I remember working for a particular credit union and they had this specialist come in and we had training and everything, how to sell to a customer without them knowing their being sold. Psychology was the forerunner in all that. And I admit, I wasn’t saved at the time, and I could have sold you ocean front property in Idaho. I was good at it. I was one of the bests in every company I worked for because I did have 20% care for the customer.
4) Most banks are not robbed as much as the average person believes. Yes, I’ve known people held up and stuffed in the vault and yes, it can happen. But there is an amazing amount of security in all banks and credit unions, and we are taught exactly what to do to prevent it and what to do in each situation. We know when and where it’s most likely to happen, what most robbers do/how they act, and what to do to actually catch them while they are still in the bank. The training is horribly boring and horribly extensive and there are tests you need to pass to even get on the floor. I would say that anyone who robs a bank is just looking for an easy way to go to jail.
5) Tellers do not verify cash. I hear it all the time as I’m checking people’s cash they give me if I’m selling something say on Craigslist. “It’s good; I got it at the bank.” Yeah, do you really think bankers have enough time to sit there and check every single bill that comes through? No. The ONLY time we checked bills is if something looked odd to us and the longer you work in banking, the more you know a bill like the back of your hand. You can smell what denomination it is. OK, not really, haha. But close. So, as a customer it is YOUR job to check the bills AT THE COUNTER. Once you leave that teller counter, even with all the camera’s, they won’t do anything about it. On a similar note, all bills that have at least 3/4 of the bill in tact, whether taped together or washed in the washer, ARE valid. Anything less than 3/4 will not be accepted. It used to be 1/2 but there was too much fraud.
6) NEVER, I repeat NEVER EVER give your check to someone you don’t know. At a yard sale, on Craigslist, to a private party you just met, etc. Once that person has your account number, they don’t even need the routing number, you can call any bank and get that. Its public information, even if you don’t have an account. Once they have that number, they can do bad, bad things with it. It’s not worth it.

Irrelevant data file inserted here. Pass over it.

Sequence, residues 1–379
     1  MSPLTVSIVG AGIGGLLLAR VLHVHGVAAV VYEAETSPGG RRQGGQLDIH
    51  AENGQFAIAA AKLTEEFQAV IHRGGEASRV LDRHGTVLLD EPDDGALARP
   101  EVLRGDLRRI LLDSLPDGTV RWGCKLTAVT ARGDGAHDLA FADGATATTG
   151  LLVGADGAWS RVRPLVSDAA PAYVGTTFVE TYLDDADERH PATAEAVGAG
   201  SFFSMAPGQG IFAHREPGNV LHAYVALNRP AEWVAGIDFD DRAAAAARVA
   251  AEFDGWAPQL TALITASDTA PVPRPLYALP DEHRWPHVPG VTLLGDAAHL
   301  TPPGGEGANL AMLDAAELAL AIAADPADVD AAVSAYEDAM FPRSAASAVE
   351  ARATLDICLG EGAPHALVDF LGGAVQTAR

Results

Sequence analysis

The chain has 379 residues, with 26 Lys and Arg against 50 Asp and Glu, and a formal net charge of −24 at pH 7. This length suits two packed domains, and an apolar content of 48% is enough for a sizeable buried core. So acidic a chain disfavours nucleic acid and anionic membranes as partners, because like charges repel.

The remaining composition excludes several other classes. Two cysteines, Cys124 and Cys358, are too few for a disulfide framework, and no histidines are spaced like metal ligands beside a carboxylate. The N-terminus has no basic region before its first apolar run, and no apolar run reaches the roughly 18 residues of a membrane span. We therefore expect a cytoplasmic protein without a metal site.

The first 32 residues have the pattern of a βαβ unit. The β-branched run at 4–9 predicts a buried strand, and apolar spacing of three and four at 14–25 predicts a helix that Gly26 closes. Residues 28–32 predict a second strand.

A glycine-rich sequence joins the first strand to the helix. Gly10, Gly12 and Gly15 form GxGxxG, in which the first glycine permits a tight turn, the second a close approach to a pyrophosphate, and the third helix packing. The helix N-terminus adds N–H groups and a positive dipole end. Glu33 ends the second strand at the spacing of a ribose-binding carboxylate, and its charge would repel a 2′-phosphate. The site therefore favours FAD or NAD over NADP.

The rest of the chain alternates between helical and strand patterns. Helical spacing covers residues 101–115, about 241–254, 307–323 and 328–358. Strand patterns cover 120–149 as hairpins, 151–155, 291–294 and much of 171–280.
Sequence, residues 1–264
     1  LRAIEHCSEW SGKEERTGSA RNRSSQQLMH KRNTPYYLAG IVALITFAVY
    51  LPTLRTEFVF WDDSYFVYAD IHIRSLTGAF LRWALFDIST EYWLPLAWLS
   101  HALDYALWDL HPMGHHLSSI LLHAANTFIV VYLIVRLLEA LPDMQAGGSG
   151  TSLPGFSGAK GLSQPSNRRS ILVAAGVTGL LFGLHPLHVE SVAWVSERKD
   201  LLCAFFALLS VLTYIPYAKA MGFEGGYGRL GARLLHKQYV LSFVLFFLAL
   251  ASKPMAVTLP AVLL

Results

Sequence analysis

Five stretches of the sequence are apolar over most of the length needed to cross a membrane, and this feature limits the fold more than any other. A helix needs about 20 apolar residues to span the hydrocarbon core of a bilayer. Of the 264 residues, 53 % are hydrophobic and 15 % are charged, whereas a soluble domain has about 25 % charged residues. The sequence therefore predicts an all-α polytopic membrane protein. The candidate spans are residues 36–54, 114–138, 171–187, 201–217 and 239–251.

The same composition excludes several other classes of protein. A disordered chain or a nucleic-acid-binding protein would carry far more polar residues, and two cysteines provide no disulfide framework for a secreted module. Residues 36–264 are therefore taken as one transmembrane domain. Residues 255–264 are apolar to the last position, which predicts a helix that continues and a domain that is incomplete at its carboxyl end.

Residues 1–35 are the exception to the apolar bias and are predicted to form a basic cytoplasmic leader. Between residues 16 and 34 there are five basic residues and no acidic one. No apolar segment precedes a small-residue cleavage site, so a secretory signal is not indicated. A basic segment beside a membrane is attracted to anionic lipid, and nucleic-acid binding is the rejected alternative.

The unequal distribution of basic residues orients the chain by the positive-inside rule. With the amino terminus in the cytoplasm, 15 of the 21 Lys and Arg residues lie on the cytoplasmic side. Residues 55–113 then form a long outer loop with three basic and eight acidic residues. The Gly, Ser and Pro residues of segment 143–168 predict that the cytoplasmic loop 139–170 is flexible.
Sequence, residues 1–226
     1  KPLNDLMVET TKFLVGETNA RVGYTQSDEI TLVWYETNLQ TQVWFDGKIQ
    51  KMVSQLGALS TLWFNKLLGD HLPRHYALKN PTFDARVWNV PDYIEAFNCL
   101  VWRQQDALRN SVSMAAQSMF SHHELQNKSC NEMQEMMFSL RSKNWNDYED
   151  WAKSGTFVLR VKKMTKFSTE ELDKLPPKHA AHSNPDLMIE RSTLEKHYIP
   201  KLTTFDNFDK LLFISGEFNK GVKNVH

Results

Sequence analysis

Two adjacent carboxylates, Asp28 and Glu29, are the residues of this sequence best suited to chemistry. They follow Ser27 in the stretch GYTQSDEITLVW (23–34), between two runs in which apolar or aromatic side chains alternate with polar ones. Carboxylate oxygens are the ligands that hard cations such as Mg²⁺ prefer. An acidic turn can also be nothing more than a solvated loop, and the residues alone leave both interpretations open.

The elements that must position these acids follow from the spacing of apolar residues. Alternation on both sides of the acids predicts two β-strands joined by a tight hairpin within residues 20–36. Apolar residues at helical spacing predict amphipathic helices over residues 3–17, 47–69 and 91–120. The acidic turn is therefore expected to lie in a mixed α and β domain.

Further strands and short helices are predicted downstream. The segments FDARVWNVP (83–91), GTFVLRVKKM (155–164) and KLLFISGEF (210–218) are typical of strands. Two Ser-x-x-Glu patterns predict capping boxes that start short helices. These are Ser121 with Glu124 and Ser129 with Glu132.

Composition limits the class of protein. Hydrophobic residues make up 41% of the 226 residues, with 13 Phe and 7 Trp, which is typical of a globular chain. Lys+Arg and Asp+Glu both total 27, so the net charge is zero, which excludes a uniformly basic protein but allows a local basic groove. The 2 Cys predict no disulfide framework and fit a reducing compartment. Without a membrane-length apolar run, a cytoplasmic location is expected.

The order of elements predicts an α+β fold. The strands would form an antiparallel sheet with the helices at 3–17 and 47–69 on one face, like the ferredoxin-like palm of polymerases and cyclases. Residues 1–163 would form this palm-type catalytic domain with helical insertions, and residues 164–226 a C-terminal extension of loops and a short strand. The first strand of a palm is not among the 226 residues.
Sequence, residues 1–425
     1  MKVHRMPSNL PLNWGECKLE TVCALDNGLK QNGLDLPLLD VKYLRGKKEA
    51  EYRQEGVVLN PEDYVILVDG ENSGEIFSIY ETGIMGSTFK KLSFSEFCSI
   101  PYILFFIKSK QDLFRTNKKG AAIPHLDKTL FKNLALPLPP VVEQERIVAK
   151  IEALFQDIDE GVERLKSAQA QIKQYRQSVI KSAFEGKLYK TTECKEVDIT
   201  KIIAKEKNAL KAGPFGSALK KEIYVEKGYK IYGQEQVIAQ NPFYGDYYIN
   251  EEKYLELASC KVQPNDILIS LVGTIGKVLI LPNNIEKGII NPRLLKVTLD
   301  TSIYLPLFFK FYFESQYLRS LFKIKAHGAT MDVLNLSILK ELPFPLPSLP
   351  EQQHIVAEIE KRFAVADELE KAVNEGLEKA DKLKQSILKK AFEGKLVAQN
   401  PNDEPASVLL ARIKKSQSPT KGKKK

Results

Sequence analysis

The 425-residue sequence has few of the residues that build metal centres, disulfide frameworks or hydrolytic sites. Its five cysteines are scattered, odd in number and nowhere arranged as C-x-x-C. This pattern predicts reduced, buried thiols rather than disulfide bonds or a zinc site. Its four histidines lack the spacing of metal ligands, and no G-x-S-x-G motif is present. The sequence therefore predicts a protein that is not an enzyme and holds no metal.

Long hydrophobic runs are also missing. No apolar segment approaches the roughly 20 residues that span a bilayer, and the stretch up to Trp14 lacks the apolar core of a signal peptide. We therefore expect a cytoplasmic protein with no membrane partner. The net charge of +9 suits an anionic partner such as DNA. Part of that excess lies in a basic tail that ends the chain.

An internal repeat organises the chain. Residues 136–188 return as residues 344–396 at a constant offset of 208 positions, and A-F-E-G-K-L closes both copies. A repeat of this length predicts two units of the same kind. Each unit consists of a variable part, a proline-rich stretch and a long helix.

7) Never wire money out of the country unless you know the person personally. Now, I would think this is common sense, but that sensibility skipped a lot of people in my banking days. Banks do not cover you in such cases. I have personally seen one gal lose $600 in one transaction and oddly enough, she WORKED for the bank!
8) Don’t fall for the “phishing scheme.” It is basically a phone call, email, or text that says your bank account is overdraft or this is an urgent message, you need to login right away. You follow their link, they track your information, they get the login info, and your well in a boat without a paddle. A sitting duck, if you will. If you get such an email, login in under ANOTHER browser from your banks mainframe site. This will ensure no tracking of your personal information.
9) Check your accounts regularly. If you start to see a charge that is not yours, report it immediately. You have a 90 window to report it. If you report it within that specified amount of time, the bank has 48 hours, by law, in which to put ALL the money into your account. This is the part they don’t tell you. They will say, we will research it. Some try to get out of it, but they must, because it is governmentally audited! You ARE protected in such cases. Do not fear.
10) Most of the fraud at financial institutions occur in the night drop boxes and ATM’s. Look, I’ll tell you plainly, if you use the ATM or night drop, you are chancing something in 2 ways. First, it’s the most susceptible to robbery. Secondly, most of the time, those transactions are posted by ONE person… there is usually NO accountability. I’ve seen things, that’s all I can say. While its not the ‘norm,’ it has happened. When it does, what proof do you have?????? Checks you can prove, sure. Cash, you cannot. Don’t take that chance. P.S. If a banker is caught stealing, it’s an automatic fire. IF being the operative word.
11) At most financial institutions, they have some sort of bank check or teller check that is about $1. Some banks greedily charge $3, but most are $1. If you need a cashier’s check, your bank will NOT tell you about this option. Unless you know it walking in, they will NOT OFFER that information. Remember, its about money. Cashiers checks can range in fees from $5-$10 a piece. A teller/bank check is the same thing as a cashier’s check. It’s guaranteed funds. The funds are pulled out right then and there. The only difference is they don’t say “CASHIER’S CHECK” on them. I’ve never seen a recipient company care if it doesn’t have those words on it. So, save yourself some money and opt for teller/bank checks the next time you need one.
OK, one more and then I’ll stop or this will be a book and I’ll have to sell it for $24.95. haha.
12) Do not make a copy of legal monetary bills. Even if its just a gag gift or for personal use. It is against the law and highly punishable.
Disclaimer: These rules apply to most banks and credit unions. They may differ from your local bank, depending on government changes, and individual banking rules. This guide is generally speaking.